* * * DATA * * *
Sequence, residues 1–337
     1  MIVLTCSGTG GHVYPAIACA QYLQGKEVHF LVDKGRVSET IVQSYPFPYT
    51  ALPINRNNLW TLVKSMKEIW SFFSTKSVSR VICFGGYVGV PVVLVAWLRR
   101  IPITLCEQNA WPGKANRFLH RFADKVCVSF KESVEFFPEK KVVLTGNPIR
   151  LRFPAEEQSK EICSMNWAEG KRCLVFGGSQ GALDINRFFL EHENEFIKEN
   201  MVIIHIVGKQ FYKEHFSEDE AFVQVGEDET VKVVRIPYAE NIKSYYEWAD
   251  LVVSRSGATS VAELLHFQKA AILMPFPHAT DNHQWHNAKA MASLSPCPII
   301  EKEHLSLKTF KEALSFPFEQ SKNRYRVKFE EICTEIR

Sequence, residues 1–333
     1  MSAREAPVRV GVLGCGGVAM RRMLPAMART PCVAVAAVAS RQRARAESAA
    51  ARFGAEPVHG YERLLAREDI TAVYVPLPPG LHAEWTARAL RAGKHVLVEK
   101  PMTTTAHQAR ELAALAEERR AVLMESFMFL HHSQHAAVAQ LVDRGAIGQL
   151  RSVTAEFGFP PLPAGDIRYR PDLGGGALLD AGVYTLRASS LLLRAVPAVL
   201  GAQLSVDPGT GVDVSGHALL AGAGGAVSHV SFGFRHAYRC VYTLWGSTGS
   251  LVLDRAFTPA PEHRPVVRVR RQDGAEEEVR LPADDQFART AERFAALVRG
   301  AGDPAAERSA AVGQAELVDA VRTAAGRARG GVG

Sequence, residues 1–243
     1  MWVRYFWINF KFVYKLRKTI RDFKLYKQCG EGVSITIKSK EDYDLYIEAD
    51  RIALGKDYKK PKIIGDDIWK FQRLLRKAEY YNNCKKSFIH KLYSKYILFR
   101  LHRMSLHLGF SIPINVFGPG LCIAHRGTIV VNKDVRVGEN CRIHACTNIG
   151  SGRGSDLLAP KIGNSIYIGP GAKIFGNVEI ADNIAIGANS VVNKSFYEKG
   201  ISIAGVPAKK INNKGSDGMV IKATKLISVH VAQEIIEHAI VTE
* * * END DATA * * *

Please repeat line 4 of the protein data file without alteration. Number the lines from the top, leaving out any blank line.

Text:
   101  IPITLCEQNA WPGKANRFLH RFADKVCVSF KESVEFFPEK KVVLTGNPIR